Date
21 November 2017
Central Asian nations pursue a multi-dimensional strategy to balance various pulls from the US, Russia and China.
Central Asian nations pursue a multi-dimensional strategy to balance various pulls from the US, Russia and China.

Why Middle Asia will gladly join China’s silk road plan

Although “One Belt, One Road” is commonly regarded as China’s strategy to balance the United States’ pivot to the Asia-Pacific region, its impact on Russia should not be ignored.

The Silk Road Economic Belt starts from Xian, passes through several major cities in Central Asia, then Russia’s Moscow, and finally ends in Europe.

Beijing has always emphasized that China will strengthen its economic cooperation with Russia. Now, Putin’s Eurasian Union and the “One Belt, One Road” can complement each other.

Most Chinese scholars express similar views. For example, Li Jingjie, director of the Institute of Russian, Eastern European and Central Asian Studies at the Chinese Academy of Social Sciences, suggests that Russia is a very important country in the silk road plan and a high priority for Chinese investment. So, the “One Belt, One Road” can only benefit Russia, it is generally believed.

However, the truth may probably be the opposite.

The five Central Asian countries all pursue a multi-dimensional diplomatic strategy in order to balance the influence from the United States, Russia and China.

Because of the huge amount of natural resources in the region, many scholars describe it as “the New Great Game”, comparing it to the rivalry between the United Kingdom and Russia in the 19th century.

China is competing for the region’s natural resources with Russia.

Resource-rich Russia has been importing energy from Central Asia to increase its bargaining power with major energy buyers, especially China.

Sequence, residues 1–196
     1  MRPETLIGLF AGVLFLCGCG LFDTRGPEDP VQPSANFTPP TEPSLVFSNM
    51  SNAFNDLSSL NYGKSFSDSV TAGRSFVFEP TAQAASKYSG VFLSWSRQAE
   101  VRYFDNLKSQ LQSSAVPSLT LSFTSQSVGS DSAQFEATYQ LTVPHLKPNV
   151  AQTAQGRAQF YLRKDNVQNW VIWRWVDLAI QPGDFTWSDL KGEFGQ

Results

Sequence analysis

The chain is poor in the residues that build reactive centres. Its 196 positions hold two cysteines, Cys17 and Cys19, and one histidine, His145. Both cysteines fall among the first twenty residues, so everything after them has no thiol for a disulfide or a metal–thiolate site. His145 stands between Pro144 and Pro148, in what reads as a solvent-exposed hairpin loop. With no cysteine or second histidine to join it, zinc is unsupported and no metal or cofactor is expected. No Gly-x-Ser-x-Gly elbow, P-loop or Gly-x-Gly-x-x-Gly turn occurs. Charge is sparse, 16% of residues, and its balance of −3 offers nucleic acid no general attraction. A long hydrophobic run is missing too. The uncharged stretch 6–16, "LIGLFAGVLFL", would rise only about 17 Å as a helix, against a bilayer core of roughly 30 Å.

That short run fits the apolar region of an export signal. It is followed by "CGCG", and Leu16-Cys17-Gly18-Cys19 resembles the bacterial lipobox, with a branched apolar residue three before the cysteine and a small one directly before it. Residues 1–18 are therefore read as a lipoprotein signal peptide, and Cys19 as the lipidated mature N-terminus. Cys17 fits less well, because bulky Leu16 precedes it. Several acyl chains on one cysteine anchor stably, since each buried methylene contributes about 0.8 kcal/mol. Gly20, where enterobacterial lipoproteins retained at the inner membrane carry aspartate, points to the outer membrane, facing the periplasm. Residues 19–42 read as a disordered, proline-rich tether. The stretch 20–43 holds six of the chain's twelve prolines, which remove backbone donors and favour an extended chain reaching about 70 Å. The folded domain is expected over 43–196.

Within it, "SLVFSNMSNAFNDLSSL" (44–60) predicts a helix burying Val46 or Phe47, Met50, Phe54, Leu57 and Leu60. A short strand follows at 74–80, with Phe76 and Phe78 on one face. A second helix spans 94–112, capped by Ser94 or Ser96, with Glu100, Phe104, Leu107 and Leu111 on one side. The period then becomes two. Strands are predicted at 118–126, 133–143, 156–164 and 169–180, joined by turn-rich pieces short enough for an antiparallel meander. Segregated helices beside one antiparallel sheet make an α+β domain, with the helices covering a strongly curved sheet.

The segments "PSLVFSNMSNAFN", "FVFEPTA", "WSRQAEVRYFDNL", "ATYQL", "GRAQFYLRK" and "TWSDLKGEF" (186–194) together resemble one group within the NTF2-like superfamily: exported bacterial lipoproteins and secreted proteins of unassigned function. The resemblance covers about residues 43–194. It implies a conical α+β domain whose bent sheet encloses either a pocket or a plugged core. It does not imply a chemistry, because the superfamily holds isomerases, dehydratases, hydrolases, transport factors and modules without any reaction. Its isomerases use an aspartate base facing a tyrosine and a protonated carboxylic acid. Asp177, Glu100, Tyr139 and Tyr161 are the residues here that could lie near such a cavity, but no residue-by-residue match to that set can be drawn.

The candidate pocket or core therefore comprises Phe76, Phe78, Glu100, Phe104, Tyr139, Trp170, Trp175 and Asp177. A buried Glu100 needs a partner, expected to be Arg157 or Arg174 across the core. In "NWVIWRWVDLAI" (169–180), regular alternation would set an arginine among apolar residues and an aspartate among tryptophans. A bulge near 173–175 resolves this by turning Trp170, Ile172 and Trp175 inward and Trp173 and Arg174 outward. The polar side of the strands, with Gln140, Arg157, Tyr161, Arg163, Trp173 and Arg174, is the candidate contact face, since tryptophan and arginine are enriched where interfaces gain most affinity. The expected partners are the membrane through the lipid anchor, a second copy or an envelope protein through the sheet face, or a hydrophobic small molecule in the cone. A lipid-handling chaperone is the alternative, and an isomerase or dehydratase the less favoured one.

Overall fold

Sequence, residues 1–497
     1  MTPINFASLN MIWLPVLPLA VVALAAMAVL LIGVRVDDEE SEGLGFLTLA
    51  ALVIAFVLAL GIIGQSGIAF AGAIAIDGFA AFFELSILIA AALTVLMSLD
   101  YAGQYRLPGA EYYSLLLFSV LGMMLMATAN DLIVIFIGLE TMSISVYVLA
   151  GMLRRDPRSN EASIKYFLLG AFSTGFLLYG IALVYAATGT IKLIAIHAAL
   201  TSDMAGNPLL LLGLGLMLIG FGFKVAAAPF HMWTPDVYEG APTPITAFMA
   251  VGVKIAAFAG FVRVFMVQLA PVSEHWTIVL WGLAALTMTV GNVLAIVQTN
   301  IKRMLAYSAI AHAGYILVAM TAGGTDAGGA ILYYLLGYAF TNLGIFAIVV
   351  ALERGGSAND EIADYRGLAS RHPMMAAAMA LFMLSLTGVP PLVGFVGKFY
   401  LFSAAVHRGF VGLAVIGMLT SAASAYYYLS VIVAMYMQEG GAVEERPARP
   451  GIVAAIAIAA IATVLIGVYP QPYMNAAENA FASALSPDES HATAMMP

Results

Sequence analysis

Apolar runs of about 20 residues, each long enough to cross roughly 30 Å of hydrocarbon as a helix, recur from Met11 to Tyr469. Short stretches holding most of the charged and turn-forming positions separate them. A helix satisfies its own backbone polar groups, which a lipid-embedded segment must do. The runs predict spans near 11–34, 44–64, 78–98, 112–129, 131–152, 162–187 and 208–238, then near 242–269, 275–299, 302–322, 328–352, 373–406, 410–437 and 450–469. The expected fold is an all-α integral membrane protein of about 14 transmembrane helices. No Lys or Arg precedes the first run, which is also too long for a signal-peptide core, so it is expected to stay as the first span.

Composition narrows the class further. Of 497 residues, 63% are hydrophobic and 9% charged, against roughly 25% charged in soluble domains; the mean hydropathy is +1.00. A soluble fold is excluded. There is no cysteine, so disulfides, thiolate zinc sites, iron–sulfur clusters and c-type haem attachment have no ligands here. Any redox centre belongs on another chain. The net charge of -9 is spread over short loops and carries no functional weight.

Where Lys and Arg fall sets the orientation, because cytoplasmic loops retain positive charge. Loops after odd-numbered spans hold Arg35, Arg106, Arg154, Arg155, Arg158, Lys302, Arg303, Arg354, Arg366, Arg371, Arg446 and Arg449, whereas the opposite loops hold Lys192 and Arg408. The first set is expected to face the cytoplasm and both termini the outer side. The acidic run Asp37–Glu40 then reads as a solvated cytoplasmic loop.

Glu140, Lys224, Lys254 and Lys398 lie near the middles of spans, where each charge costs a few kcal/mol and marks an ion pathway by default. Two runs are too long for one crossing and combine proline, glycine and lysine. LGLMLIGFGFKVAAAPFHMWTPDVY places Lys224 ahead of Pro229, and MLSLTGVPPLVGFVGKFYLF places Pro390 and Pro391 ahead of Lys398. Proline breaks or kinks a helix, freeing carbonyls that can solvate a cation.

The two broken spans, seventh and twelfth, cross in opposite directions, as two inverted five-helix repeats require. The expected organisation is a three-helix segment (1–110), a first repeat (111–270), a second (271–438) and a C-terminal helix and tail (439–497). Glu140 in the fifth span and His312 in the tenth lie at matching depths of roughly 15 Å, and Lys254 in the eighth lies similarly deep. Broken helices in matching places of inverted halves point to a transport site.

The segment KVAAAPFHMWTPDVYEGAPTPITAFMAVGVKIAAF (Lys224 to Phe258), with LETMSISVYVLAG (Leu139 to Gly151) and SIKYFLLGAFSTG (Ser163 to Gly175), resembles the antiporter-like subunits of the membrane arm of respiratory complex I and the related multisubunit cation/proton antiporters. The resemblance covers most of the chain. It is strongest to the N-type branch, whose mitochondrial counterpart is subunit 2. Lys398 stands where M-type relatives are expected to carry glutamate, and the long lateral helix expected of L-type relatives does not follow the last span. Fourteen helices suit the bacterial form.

Russia is also importing natural gas from Central Asia and reselling to Europe at a higher price.
That also explains why Central Asian countries are more willing to sell natural gas to China.

To the Central Asian countries, China’s banking system complements, or can even substitute, that of Russia given the former’s economic strength.

The recent depreciation of the Russian ruble has hurt the Central Asian countries, and China can provide a way out for them.

China is Central Asia’s most important economic partner. In 2012, China’s trade with the region reached US$46 billion, twice the level of China-Russia trade.

China invested US$30 billion and US$15 billion respectively in Kazakhstan and Uzbekistan respectively, and also lent US$8 billion and US$1 billion respectively to Turkmenistan and Tajikistan. Meanwhile, the relationship with Kyrgyzstan has been upgraded to strategic partnership level.

Since the annexation of Crimea, Central Asian countries have been alert to the threat from Russia.
There are 4 million Russian immigrants living in northeast Kazakhstan, and the country is worried about that Russia will repeat the annexation of Crimea there.

In addition, Central Asian businessmen are also dissatisfied with the huge influx of Russian products.
Although there is also a dumping of Chinese goods, at least China won’t be a threat to national security.

Nursultan Nazarbayev, the President of Kazakhstan, has warned that if national security is threatened, Kazakhstan would withdraw from Eurasian Union.

A Russian think tank, meanwhile, has also noted that Russia’s influence in the region is declining amid economic sanctions imposed by the West and the slide in the ruble. As Russia’s influence falls, Central Asian nations will be more inclined to participate in China’s “One Belt, One Road” scheme.

– Contact us at [email protected]

RC

Associate professor and director of Global Studies Programme, Faculty of Social Science, at the Chinese University of Hong Kong; Lead Writer (Global) at the Hong Kong Economic Journal

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